Precisely as intended, God’s tree of knowledge chops the infinite up into bits and pieces, so that now, finally, as Adam and as Eve, as you and as me, God can stand in front of Himself as a mirror, and observe, and not be confused by Himself as a potted plant. The scheme works. The fruit of the tree of knowledge creates the ego which says, “I am me, and you are you,” thereby establishing a sense of being some thing, and, at the same time, of not being other things. And so, suddenly, there are others: other people, other species, other places, other times. It is a remarkably effective drug, we might say, and why not, considering the Pharmacist Who created it.
But there’s more: Limiting His sense of awareness so that He could know Himself as a separate, distinct self, is only the first half of God’s plan. For the undertaking to be successful, God has to be able to transfer the sense of self- awareness gained in the state we call our lives, to His Natural Condition. After all, the idea of this exercise is not simply to become self-aware in an apparently limited environment, but rather to export or impart that sense of self-awareness to the infinite environment. Thus, this process is about creating God’s Sense of Self-Consciousness, the self-consciousness of an infinite being. Remember, this dance was choreographed because God the Infinite One seeks to Know Himself as the Infinite One. That was the focus at the outset, and it remains the focus. So, God creates the apple, and takes a bite from it. Instantly, as planned, He perceives Himself as us. Now, comes our part.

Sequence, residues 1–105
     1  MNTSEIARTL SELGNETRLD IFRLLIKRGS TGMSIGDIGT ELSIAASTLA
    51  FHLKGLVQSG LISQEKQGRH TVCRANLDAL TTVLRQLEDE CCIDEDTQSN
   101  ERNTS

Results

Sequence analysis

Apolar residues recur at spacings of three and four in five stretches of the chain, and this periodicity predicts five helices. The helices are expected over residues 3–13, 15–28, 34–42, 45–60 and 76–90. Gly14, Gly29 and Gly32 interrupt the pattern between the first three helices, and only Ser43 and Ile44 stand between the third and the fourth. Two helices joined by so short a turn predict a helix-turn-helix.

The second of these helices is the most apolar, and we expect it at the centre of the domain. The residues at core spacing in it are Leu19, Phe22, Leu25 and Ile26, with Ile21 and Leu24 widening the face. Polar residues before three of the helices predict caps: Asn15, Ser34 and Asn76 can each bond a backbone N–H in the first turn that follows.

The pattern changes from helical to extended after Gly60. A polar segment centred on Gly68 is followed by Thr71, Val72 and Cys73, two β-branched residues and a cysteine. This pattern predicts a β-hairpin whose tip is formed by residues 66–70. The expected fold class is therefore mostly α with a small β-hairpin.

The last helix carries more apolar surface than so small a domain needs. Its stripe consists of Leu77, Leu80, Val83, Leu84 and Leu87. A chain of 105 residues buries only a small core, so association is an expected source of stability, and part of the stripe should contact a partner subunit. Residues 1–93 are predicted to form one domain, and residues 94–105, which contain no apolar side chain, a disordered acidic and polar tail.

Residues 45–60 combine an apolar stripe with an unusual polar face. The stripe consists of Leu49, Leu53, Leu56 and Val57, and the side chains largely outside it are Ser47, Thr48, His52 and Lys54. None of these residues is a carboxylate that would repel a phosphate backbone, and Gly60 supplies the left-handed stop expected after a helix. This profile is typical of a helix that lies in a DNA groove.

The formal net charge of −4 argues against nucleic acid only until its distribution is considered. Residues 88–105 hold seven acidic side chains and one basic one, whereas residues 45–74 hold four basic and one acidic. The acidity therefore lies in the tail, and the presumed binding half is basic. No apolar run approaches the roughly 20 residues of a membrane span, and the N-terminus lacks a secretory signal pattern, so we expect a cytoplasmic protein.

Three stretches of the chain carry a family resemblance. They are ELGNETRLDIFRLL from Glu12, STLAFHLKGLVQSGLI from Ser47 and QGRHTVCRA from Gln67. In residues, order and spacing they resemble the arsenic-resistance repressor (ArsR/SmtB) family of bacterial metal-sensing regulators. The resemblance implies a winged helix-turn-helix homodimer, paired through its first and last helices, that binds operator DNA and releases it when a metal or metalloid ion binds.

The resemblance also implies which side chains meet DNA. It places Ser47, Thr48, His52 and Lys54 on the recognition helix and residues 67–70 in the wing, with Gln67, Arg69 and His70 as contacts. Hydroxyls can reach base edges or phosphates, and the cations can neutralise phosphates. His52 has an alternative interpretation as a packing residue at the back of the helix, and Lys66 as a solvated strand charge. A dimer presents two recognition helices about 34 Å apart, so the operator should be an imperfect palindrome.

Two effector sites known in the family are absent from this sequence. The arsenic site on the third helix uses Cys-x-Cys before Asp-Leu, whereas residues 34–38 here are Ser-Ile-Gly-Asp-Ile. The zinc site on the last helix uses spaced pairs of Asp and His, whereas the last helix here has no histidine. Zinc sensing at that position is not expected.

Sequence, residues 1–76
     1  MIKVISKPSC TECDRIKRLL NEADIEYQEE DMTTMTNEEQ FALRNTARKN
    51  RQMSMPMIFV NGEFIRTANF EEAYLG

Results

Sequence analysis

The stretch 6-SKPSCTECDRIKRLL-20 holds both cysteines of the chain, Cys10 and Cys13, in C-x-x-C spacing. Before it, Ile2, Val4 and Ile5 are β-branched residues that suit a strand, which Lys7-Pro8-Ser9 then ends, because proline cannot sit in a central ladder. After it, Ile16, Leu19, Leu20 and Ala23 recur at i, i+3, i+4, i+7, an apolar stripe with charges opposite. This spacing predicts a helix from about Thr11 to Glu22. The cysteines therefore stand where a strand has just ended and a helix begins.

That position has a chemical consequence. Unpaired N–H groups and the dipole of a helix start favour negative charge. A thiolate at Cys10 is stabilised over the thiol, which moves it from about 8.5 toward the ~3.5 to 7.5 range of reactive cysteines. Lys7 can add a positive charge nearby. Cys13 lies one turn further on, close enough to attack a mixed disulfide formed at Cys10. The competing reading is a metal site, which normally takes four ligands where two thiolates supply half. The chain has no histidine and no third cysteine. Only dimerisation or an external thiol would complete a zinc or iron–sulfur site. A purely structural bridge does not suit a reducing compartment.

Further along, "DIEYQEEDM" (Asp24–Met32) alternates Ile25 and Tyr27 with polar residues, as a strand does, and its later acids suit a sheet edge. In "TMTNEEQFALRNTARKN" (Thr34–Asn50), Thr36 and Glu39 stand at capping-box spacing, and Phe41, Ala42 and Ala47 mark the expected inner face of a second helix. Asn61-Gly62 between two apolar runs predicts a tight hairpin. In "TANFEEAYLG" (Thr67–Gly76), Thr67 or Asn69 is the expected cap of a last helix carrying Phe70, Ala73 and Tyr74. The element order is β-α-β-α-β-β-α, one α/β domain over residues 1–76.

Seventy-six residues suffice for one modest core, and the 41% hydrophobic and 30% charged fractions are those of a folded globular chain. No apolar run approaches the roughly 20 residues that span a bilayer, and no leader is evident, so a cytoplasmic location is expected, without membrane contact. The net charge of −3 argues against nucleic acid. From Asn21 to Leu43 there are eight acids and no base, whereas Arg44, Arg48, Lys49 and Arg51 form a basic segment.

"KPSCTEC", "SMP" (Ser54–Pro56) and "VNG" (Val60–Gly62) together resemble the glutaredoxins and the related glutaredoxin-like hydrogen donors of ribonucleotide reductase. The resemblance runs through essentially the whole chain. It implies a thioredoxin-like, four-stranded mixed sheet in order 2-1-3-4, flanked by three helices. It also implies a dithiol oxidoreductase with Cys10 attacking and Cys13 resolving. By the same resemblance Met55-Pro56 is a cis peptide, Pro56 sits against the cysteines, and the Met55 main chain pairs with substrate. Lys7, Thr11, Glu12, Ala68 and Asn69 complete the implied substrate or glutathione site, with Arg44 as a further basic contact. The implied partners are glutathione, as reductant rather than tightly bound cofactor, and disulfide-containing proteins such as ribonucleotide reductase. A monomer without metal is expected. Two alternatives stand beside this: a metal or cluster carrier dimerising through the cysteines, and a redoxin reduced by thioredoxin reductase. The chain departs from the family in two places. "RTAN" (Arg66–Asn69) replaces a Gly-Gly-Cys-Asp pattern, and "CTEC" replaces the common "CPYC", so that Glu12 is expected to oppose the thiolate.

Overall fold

Our creation as separate and distinct individuals in a separate and distinct reality is not the result of a random accident in a random universe, but rather to fulfill a specific, two-fold function. First, we are here to enjoy our lives. That sounds a little silly and pretty easy; in practice, it is neither. It means we must be willing, even eager, to live our lives fully and unconditionally, their ups and their downs, their beginnings, middles, and endings, welcoming and experiencing every moment for its own sake, relating responsibly and cheerfully toward every other person, every other event, and every other thing we come across — every other, whatever form it may take — however beautiful or ugly he, she, or it may seem to us. Further, it means, whoever and wherever we happen to find ourselves at any given time – literally or figuratively, in our personal lives, our social lives, our professional lives, our spiritual lives – to be that without hesitation, without reservation, and without regret. It means being fully aware of ourselves as we live our lives in this way; observing our actions and our reactions. It means, in a phrase, living joyfully and alertly. Far from easy or silly, this is an awesome assignment.
Secondly, we must commit ourselves to the spiritual process in whatever manner or form seems appropriate to us. That is, sooner or later, one way or another, here or somewhere else, we must set out upon the spiritual path leading to Self-Realization, which position, in this context, we might label ’God as Finite Us Now Remembering His Truly Infinite Nature’. And we are to do that precisely so that the sense of self-awareness each of us develops while living our separate and distinct egoic lives in the mature manner just described, will be transferred to the One in Its Undivided Infinity. That is, our ability as separate individuals to say “I know myself” serves God only if, through Self-Realization, we transfer it to Him, so that then He can say it.